Marvels‘ nature

Marvels investigates the nature of the hero from a new, external point of view, trying to guess the true nature of these characters. Alex Ross, just a couple of years later, was able to continue the reflection for DC Comics, with Kingdom Come, in which he explores even further the concept that superheroes could become considerably close to gods.

But what did people think when they first appeared? Readers get an overview of what it’s like to not only see a new kind of hero but deal with it. To marvel at their phenomenal powers but to fear being the next collateral victim.

Image courtesy of MARVEL COMICS © 1994

If, in other Marvel comics, humanity is what the heroes protect, one rarely wonders what ordinary people think. Marvels fills this gap. And in this way, it is not even that difficult to understand why New Yorkers are mad at Spider-Man, for example, as is often the case in his editorial line.

The Neo-Silver Age

Dealing with three specific decades (from 1940 to 1970), it was necessary to introduce the various superheroes at the exact moment in which they also appeared on paper for the first time. In this way, Marvels covered an entire era of comics, during which, in the 1990s, other publications had somewhat sunk into oblivion: the so-called Silver Age. It was a crucial period during which greater realism was sought in the psychology of the characters. Suffice it to say that Spider-Man, the “superhero with superproblems” who upended the codes of superhero creation, was born during this time.

Image courtesy of MARVEL COMICS © 1994

After the Silver Age, a period which over time has been losing much of its initial spark, there arrived the Dark Age of the 80s. Comics were somehow growing up, becoming intended for an often adult audience, with creations of the caliber of Alan Moore‘s Watchmen or Frank Miller‘s The Dark Knight Returns. Therefore, in the 90s, Busiek and Ross had felt the need to leave aside the dark tones and themes, which some authors, who had lost the panache of novelty, still dragged along.

So it was a return to the past. A reference to those stories that again, thanks to Marvels, were able to have new glory, or at least new consideration by readers. One could actually speak of the beginning of a new era, even: the Neo-Silver Age, in which an explosion of sentimentality has pervaded the comics world.

A feeling that strikes deeply

I feel I can speak for all the artists and writers whose work is so honoured in the pages of Marvels when I say that these tales are a glowing tribute to what has gone before and an inspiring presage of what is yet to come.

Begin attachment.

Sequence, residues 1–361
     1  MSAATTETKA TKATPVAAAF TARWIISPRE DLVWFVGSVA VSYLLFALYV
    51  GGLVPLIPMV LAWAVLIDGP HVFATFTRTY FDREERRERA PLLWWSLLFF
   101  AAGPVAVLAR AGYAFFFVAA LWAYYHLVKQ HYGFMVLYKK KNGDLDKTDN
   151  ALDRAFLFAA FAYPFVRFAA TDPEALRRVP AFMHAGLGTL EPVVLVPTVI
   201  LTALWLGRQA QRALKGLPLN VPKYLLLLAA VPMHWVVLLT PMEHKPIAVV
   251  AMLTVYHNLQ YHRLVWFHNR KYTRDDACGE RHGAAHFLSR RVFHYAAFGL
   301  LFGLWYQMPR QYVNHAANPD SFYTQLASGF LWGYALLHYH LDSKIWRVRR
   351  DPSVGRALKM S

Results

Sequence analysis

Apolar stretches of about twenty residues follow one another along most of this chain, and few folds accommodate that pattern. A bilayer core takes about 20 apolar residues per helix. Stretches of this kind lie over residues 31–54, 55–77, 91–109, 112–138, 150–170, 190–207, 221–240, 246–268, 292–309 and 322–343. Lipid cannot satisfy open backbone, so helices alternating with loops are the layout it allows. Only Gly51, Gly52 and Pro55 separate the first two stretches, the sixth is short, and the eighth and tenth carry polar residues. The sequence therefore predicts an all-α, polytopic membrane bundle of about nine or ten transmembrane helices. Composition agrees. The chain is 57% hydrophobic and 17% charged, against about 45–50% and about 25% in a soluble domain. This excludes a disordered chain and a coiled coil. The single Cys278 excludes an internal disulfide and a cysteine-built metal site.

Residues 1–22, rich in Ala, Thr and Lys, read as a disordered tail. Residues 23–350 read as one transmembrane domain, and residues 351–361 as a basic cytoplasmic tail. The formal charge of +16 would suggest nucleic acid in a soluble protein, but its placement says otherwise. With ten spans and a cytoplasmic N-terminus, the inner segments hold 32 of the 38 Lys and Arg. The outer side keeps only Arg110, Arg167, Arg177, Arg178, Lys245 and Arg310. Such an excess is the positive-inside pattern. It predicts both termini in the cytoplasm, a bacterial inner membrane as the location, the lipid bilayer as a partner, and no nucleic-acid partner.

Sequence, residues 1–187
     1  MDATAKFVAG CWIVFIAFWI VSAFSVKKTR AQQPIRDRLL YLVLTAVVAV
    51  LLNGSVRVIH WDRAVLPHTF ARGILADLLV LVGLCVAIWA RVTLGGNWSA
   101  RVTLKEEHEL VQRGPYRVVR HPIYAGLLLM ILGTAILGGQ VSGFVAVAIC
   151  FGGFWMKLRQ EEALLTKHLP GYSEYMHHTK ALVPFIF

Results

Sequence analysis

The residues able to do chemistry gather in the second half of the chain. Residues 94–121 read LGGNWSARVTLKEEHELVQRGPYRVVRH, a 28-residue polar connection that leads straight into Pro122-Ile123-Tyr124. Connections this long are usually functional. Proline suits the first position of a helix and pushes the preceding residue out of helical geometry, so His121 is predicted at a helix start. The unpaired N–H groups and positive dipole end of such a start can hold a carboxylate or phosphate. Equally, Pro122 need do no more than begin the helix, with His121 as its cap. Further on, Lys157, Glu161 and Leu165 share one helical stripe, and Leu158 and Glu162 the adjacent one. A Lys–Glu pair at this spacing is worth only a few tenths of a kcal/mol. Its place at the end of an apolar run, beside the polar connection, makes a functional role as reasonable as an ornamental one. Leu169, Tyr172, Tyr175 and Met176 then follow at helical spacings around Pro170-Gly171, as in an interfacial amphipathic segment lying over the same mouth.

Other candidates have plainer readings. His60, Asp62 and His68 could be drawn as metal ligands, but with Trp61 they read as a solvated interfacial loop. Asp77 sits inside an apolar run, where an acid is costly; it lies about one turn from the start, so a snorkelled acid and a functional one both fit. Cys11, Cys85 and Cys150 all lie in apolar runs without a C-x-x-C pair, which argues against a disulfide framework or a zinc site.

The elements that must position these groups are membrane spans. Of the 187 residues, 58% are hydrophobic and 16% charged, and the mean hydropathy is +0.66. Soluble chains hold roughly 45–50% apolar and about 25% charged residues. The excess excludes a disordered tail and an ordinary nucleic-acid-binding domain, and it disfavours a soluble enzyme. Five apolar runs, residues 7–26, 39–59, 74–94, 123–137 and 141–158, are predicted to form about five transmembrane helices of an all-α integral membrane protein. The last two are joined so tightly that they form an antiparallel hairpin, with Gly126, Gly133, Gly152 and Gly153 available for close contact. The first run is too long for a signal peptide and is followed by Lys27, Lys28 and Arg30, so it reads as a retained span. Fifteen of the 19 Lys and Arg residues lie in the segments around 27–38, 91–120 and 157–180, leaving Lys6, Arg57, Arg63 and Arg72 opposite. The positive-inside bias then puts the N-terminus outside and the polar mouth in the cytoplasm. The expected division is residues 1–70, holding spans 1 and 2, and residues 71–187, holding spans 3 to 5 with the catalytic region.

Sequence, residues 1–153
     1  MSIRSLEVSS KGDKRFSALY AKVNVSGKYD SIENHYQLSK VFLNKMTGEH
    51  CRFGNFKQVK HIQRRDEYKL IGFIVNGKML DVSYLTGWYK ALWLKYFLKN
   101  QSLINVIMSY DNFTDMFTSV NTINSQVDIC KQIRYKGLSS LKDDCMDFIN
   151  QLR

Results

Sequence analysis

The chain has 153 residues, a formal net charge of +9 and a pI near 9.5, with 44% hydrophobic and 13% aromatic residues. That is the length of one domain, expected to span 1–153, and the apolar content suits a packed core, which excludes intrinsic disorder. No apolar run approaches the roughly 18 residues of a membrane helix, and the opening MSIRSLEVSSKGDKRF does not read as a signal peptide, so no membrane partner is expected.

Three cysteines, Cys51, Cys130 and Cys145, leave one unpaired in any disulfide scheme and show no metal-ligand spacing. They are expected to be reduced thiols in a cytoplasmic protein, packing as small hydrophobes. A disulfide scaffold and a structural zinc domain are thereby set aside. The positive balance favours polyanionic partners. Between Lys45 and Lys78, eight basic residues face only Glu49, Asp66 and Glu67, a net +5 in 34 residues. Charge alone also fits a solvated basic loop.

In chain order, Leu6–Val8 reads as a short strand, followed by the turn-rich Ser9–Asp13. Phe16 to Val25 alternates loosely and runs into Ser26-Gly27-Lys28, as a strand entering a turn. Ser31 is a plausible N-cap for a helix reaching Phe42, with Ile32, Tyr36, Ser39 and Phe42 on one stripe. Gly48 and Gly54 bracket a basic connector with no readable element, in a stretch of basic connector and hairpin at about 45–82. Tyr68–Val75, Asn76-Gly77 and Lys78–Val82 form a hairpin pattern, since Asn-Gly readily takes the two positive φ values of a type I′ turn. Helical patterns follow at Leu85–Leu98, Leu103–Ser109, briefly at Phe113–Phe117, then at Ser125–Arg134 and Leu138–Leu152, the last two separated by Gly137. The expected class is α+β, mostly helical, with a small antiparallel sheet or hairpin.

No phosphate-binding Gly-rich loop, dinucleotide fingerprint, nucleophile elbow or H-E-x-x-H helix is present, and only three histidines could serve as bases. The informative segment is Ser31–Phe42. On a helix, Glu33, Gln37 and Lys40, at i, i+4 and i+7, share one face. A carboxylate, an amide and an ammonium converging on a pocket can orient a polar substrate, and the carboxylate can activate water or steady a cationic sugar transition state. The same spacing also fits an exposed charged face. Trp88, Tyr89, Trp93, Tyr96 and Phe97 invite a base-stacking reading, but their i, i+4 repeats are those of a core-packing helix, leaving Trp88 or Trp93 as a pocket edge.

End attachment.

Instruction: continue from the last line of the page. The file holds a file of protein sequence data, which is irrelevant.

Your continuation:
Stan Lee in Marvels: The Remastered Edition‘s intro

Marvel is a word that evokes an entire universe, made up of stories that shaped generations of readers. Along with it is another word which is quite relevant: nostalgia, as in a rediscovery of beloved superheroes in a whole new light. For Marvel and DC, it is a recurrent trend to quote, expand or reinterpret previous stories and characters.

Given the success of the miniseries, an attempt has been made to continue a similar trend over the years. An example is a real antithesis to Marvels, Marvels: Ruins, written and drawn by Warren Ellis and Terese Nielsen, in which Phil Sheldon is this time an observer of a dystopian world full of horrors.

Other examples were Spider-Man: Life Story, the story of some major moments in the life of Peter Parker told as he aged during the years; a series of comics about loss by Jeph Loeb and Tim Sale, which retraces Spider-Man, Daredevil, Hulk and Captain America; or the real Marvels sequel, Eye of the Camera, also written by Busiek but in which Alex Ross did not want to participate.

Image courtesy of MARVEL COMICS © 1994

Twenty-five years later, though, Busiek and Ross published a new, alternative and, according to them, less anachronistic epilogue of Marvels. In the previous one, the story ended with Sheldon’s disillusionment caused by the sudden death of Gwen Stacy, which made him stop caring about superheroes. Here, instead, the authors enact a sort of return to the beginning, as the protagonist rediscovers his sense of wonder at the weird and marvelous entities that superheroes are.